The amount that a digitally disconnected shopper overpays can be significant.
Digital-only discounts can provide significant savings for connected shoppers. However, there are many shoppers who are incapable of accessing these deals, causing them to overpay on essential grocery items during a time of record inflation.
This is the basis for a letter by a coalition of national consumer organizations that is addressed to the presidents of a dozen large supermarket chains. Specifically, the Nov. 15 letter urges these food retailers to stop discriminating against senior citizens and low-income shoppers who can’t take advantage of advertised digital-only in-store discounts, because millions of them don’t have internet access or smartphones.
The letter was sent by Consumer Action, Consumer Reports, Consumer World, National Consumers League and PIRG to help bridge the digital divide by adopting a workaround so unplugged shoppers are charged the same lower sale prices as connected customers. Recipients of the letter included The Kroger Co., Albertsons Co., Stop & Shop, Star Market/Shaw’s, Ralphs, QFC, Jewel-Osco, Randalls, Fred Meyer, King Soopers, Smart & Final, and Safeway.
Linking in-store promotions to a digital loyalty program is a big trend in food retail. These programs require shoppers to go online first to electronically "clip" the offers to add them to their loyalty card account to be charged the sale price in the store.
However, since 25% of seniors don’t use the internet and 39% don’t have smartphones, according to a 2021 study by the Pew Research Center, they’re effectively shut out of these deals. Similarly, 43% of low-income households lack broadband internet access.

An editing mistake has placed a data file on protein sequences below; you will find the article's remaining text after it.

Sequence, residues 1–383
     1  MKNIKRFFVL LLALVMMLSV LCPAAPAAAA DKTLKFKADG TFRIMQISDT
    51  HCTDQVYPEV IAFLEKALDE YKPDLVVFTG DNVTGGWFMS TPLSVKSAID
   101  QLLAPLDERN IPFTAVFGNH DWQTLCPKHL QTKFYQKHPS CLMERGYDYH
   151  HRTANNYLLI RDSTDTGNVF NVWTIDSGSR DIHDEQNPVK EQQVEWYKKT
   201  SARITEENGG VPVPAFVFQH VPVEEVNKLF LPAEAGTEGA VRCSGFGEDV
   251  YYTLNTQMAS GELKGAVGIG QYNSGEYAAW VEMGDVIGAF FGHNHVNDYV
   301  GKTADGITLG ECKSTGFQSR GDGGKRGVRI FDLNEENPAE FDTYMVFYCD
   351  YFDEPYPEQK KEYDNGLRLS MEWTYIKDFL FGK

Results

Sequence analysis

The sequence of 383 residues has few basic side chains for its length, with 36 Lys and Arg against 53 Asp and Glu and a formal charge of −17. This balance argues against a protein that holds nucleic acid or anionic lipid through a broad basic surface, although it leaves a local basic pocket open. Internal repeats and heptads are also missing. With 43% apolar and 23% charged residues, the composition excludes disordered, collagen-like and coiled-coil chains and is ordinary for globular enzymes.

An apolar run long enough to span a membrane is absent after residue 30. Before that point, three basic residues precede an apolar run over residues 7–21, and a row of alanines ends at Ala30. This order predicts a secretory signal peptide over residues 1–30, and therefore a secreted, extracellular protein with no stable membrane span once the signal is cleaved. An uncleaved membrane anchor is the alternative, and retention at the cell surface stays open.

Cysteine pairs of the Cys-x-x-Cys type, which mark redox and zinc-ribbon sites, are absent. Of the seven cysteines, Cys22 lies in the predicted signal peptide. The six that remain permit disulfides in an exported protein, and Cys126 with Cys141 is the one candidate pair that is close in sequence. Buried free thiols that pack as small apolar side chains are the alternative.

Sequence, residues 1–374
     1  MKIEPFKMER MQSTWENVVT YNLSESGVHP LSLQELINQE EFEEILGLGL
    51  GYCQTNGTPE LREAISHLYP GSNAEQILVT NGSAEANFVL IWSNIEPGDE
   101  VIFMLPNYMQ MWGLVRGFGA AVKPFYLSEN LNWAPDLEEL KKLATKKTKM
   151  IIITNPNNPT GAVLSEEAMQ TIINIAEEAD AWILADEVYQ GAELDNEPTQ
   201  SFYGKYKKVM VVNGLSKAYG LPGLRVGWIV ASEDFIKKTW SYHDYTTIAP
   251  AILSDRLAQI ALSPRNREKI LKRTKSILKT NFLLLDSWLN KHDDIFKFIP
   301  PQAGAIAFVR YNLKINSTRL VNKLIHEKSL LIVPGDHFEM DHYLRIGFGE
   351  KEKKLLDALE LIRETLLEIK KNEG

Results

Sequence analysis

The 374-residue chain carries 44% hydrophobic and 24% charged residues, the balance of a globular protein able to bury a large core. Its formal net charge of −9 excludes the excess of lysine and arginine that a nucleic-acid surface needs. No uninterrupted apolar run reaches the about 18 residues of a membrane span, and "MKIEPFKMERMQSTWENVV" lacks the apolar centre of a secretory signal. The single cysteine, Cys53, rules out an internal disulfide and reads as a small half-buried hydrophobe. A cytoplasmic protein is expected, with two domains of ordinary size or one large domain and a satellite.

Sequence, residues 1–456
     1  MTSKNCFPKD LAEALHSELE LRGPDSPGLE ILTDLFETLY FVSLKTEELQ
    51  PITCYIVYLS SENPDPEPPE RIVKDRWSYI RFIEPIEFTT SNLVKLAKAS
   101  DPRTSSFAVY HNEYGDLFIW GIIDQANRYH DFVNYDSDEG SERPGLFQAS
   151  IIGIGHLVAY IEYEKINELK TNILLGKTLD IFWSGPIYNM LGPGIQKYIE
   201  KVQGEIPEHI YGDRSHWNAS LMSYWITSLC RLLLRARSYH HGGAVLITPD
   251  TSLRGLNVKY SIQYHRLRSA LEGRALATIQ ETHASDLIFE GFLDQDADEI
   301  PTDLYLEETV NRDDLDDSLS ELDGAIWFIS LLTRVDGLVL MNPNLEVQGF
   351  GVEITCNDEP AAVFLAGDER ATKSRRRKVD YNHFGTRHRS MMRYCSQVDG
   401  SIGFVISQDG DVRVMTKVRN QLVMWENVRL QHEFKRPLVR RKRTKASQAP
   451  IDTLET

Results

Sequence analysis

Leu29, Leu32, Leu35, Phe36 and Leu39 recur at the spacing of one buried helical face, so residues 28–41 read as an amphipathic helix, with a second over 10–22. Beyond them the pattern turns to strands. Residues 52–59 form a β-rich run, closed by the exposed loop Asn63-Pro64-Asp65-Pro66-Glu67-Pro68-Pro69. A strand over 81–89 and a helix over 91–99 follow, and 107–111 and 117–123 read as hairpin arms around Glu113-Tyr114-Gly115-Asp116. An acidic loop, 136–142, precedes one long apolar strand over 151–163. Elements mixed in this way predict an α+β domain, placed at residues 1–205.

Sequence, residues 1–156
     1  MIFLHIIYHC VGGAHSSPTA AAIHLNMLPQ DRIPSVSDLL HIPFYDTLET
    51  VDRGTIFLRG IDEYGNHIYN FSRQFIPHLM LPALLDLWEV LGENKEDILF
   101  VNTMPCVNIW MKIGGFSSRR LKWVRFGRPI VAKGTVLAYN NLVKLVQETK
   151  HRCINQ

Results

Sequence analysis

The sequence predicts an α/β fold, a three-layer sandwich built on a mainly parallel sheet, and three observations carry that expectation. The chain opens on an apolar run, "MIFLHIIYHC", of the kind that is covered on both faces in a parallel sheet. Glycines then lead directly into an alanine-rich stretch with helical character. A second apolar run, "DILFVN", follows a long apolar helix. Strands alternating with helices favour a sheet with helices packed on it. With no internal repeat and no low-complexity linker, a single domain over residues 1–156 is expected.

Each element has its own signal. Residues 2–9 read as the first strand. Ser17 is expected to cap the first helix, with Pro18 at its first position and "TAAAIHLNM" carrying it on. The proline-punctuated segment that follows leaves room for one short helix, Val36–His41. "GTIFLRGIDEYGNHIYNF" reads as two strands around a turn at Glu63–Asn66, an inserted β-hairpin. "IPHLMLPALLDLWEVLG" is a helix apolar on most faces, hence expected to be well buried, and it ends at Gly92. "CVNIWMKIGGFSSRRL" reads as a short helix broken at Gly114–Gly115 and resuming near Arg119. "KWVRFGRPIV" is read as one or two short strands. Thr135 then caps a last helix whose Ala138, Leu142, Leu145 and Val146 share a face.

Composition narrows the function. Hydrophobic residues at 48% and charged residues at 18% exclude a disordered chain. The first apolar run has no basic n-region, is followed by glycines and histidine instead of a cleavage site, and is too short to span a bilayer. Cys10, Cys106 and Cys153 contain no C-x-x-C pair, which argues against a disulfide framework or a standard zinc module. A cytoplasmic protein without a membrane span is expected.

Not only are people without internet access shut out of digital discounts, so are the one in four shoppers who, despite having online access, may lack the technical ability to use a supermarket’s website or app, according to a recent survey by Consumer World.
"It’s digital discrimination, and the most vulnerable people are being shut out of these online discounts at the worst possible time, given record-high inflation," explained Edgar Dworsky, founder of Consumer World. "Big supermarkets need to provide an offline alternative to the digitally disconnected so they can reap the same savings that connected shoppers enjoy."
The consumer groups have suggested multiple ways that supermarkets can offer an in-store offline alternative to digital-only deals to accommodate both the digitally disconnected and the digitally challenged shopper, including:
Using barcoded "clip or click" store coupons in circulars so the customer can choose their preferred redemption method.
Empowering cashiers to charge the digital price upon request.
Offering physical store coupons next to digital-only deals for those who didn’t/couldn’t electronically "clip" the offer.